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References

Bass, B. M. (1985). Leadership and performance beyond expectations. New York, NY: Free Press.

Hattie, J. & Timperley, H. (2007). The power of feedback. Review of Educational Research, 77(1), 81-112, doi: 10.3102/003465430298487

Slavich, G. M., & Zimbardo, P. G. (2012). Transformational teaching: Theoretical underpinnings, basic principles, and core methods. Educational Psychology Review, 24(4), 569-608. doi:http://dx.doi.org/10.1007/s10648-012-9199-6

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When Commenting on Student Writing, Use This Shortcut with Extreme Care


By Chrissine Rios, MA, Kaplan University Writing Center

I’ve encountered both good and not so good practices for tutoring and teaching writing over the past twenty years, and the difference between the two often comes down to how to best use a tool.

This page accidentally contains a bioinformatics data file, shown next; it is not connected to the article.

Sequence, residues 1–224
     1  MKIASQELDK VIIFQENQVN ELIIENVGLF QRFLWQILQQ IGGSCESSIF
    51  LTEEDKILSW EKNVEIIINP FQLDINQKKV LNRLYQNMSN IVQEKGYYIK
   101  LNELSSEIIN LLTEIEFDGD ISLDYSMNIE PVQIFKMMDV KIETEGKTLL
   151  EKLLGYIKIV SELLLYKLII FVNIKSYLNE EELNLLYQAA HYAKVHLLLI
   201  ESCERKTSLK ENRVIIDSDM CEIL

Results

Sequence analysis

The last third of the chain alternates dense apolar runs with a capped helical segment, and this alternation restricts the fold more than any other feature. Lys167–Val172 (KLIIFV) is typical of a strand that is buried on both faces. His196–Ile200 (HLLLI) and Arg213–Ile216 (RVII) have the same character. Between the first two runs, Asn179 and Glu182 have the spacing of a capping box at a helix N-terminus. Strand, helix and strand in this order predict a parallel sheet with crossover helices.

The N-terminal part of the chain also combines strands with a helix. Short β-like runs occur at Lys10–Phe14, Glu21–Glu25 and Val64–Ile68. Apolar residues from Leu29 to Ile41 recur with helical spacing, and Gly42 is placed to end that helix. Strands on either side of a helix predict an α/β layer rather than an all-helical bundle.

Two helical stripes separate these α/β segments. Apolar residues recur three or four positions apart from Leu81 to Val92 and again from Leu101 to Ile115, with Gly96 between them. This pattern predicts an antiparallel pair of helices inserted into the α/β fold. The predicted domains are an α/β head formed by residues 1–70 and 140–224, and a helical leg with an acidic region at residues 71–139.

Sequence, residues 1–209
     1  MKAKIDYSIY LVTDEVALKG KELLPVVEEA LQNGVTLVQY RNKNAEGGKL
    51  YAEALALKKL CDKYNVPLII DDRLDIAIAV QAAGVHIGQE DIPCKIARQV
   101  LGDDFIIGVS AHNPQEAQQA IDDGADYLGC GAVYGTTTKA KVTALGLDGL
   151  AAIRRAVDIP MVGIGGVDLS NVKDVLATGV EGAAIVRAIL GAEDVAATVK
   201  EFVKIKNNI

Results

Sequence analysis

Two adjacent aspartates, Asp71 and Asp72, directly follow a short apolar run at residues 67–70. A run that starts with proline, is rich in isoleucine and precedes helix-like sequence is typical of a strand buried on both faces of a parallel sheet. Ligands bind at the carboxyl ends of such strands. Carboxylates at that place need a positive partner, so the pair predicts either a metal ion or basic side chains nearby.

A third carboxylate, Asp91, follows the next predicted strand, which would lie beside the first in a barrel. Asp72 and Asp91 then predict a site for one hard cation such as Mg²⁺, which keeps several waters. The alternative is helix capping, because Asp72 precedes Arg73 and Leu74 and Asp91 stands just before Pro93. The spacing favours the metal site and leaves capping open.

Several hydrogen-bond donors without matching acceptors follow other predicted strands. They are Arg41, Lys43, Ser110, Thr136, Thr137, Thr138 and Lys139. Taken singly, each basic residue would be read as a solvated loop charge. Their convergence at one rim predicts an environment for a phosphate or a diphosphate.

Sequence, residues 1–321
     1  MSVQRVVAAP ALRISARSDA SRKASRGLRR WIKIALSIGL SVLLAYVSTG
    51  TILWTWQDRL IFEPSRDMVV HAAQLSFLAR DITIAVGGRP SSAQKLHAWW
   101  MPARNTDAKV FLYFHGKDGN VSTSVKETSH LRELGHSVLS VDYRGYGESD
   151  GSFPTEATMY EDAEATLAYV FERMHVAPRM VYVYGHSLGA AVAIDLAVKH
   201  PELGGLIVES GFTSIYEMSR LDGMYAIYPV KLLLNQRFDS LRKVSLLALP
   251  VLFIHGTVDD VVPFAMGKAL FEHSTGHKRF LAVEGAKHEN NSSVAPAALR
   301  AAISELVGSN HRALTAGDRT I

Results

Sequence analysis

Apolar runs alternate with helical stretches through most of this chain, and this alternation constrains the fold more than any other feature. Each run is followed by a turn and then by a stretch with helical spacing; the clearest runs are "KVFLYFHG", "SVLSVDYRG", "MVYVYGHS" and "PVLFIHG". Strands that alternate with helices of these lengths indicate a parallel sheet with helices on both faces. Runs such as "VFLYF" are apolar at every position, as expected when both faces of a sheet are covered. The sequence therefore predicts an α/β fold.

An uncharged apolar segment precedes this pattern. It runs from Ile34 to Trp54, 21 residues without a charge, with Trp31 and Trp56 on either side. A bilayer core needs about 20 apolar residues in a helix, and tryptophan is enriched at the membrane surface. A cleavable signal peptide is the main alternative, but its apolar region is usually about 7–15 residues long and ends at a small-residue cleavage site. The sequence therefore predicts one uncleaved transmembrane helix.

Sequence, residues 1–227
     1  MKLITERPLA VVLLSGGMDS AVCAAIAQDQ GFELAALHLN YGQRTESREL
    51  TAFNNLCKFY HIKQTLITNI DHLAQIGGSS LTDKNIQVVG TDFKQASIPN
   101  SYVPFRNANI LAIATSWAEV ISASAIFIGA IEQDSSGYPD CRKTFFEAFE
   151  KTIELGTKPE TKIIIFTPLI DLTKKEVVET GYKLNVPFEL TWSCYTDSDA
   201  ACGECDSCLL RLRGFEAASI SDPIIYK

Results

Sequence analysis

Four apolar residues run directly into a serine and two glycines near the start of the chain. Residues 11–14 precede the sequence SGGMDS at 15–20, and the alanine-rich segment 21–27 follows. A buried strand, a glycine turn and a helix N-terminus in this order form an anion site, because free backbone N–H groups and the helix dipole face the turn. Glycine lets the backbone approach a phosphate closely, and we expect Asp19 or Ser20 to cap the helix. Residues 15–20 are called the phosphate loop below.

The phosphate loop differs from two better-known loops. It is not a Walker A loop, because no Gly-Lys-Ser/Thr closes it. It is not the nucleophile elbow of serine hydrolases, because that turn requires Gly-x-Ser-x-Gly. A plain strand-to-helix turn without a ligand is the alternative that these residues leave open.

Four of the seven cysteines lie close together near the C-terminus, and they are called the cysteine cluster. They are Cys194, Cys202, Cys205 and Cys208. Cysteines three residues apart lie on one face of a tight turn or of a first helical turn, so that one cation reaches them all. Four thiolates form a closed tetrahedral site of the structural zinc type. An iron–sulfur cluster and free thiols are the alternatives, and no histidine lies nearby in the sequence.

TextExpanderThere is one tool in particular that I could not do asynchronous paper review half as well without. For me, the brand has changed over the years as I began with Typeitin by Wavget then used Spartan Multi Clipboard and now use TextExpander by Smile, but all do the same thing: paste previously written comments on a paper. I’d recommend any of these clipboard programs to any tutor or instructor who regularly reads and responds to student writing online.

When so many students new to academic style need help with the same matters of formatting and citation, essay structure, paragraph development, and sentence grammar, a clipboard can save hours of typing the same feedback over and over. Using a prewritten clip also guarantees that the feedback on the fifteenth paper in need of page formatting or source integration is as thoughtful and detailed as it was on the first paper. With a few key strokes, you can insert a clearly written response that more than draws attention to an area needing attention but also suggests a strategy, provides an example, and/or recommends a resource to help the student take the next step, so the student not only understands the feedback but knows what to do with it or at least where to begin.